American Food Habits in Historical Perspective

American Food Habits in Historical Perspective

American Food Habits in Historical Perspective

American Food Habits in Historical Perspective


Using dietary information and other pertinent facts, the author assesses the nutritional status of Americans during each historical period. Special emphasis is given to American dietary patterns from the landfall of Columbus to the colonial period, the revolutionary period, the New Republic, and the 20th century. Four categories of American food are identified and analyzed: mainstream cuisine, regional cooking, "regional phenomena" (including ethnic foods), and "Pop" foods. The overview concludes with the finding that, despite delightful differences, there are striking similarities in food habits across time and cultures. By providing increased insights and understanding of contemporary American eating patterns, this book will be a substantive addition to existing texts.


Food habits are not independent entities. They reflect, and are influenced by, the entire ecological milieu in which they occur. Therefore, the study of food habits calls for an interdisciplinary approach, utilizing both the biological and social sciences, including biology, physiology, history, sociology, psychology, anthropology, and nutrition (as well as the relatively new science of nutritional anthropology).

This book provides a historical overview of the food habits of human beings over time, with special emphasis on American dietary habits from Columbian times through the present (chapters 4, 5, 6, 9, and 10). Food habits are addressed within the context of the relevant events, developments, and circumstances associated with each era.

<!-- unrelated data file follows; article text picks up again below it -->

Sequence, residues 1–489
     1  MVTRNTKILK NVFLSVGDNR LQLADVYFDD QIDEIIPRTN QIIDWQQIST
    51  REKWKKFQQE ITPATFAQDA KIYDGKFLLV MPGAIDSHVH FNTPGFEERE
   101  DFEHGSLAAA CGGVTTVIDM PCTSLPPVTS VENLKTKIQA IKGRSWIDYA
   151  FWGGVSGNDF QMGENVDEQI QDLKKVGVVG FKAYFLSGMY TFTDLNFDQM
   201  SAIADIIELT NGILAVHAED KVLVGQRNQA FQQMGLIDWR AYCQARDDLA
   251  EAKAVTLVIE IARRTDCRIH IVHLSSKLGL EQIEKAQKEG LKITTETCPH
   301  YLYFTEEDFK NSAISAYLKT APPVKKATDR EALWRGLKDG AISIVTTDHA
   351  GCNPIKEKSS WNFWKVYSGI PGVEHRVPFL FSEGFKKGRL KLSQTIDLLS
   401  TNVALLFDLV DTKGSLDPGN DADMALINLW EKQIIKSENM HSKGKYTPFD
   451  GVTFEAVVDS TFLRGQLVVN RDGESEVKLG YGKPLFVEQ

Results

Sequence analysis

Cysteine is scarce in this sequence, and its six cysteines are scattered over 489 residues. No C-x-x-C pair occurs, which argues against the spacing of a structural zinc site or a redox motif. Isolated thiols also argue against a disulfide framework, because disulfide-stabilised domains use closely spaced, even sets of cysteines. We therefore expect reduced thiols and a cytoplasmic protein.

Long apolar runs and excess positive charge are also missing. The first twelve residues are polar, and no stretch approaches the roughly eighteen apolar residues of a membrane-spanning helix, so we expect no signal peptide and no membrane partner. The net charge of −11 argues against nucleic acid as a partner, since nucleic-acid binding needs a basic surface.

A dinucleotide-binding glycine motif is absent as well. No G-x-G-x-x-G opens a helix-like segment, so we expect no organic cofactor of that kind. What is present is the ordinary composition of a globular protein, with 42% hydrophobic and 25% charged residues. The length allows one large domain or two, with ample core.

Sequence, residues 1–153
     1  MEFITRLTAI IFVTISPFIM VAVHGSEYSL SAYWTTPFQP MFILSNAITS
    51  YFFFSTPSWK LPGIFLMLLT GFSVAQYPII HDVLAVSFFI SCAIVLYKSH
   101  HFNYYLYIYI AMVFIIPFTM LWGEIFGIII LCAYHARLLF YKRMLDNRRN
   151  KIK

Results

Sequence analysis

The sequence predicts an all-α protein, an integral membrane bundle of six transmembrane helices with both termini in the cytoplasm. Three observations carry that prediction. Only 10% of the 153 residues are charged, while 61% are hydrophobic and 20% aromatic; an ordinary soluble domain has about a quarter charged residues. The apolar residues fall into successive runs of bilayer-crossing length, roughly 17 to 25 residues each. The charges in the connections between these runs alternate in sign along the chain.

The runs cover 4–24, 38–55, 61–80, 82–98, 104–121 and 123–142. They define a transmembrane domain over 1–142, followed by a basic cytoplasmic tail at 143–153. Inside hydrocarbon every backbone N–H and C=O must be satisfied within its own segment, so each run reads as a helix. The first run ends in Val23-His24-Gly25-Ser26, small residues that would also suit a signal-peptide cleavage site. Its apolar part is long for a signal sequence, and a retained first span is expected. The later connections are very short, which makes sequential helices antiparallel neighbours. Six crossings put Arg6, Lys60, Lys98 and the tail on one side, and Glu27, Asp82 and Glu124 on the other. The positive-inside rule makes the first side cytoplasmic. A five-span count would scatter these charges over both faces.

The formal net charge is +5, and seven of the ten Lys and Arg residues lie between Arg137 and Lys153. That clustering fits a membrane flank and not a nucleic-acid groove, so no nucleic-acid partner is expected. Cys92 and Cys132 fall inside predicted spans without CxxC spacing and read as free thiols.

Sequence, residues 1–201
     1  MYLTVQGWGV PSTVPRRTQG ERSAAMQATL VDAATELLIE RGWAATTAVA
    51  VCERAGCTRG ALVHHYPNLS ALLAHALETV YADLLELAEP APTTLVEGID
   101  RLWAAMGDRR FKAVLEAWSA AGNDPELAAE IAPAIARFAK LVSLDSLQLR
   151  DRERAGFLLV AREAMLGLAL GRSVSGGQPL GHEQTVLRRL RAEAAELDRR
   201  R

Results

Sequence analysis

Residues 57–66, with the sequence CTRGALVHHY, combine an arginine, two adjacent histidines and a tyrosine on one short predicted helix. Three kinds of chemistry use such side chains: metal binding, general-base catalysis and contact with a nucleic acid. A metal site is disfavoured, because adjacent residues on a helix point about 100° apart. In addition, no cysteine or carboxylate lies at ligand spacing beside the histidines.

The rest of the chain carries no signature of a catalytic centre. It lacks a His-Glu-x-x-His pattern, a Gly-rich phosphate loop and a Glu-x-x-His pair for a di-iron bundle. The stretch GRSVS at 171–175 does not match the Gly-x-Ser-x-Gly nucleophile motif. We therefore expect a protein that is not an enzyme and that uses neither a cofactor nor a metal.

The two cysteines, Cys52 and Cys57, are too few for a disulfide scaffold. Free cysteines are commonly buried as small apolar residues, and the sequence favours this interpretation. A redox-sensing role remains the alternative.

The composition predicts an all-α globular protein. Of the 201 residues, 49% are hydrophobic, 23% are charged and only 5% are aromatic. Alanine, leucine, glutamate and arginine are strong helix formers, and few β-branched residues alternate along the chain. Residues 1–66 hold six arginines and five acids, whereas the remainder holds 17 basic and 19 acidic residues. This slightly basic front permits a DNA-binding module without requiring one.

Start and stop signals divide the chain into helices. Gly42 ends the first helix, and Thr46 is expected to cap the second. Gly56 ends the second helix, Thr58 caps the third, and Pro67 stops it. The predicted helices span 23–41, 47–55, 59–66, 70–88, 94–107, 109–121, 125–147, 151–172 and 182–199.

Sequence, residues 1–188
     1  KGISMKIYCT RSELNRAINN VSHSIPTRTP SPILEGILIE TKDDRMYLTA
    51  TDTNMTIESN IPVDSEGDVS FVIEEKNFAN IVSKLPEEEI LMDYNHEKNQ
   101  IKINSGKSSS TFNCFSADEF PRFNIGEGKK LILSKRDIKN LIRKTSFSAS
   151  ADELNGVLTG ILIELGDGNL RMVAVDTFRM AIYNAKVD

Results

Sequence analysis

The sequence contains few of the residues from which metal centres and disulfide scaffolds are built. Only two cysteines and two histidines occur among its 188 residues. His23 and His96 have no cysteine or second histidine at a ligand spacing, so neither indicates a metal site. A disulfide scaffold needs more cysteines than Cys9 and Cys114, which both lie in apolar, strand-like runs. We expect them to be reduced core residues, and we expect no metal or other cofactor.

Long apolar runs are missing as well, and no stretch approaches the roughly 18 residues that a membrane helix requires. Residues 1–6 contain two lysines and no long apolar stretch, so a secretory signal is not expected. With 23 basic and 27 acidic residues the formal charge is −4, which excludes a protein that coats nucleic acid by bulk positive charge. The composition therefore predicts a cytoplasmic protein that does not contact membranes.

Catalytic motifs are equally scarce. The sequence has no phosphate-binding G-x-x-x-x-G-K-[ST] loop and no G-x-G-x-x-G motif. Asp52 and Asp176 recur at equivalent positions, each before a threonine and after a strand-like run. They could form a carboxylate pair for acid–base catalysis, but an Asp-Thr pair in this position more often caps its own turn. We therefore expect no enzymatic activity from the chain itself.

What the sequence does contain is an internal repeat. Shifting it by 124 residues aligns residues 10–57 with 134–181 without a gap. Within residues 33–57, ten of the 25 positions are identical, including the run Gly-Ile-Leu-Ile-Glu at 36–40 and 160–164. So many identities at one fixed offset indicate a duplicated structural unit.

Chapter 1 introduces the reader to the essentiality of food as a source of nourishment for all living things. The basic concepts of nutrition are explained, and significant milestones in the history of nutrition are presented. Finally, the associations between human evolution and changing nutritional needs and diets of human beings are addressed.

Because sufficient food is pivotal to the existence of society, human beings have devoted much time and effort to obtaining an adequate food supply. Chapter 2 describes the various traditional methods of obtaining food, the characteristics of food-gathering and food-producing societies, the elements of food processing, and the universal foods and food products that have been used by human cultures across time. Such information . . .

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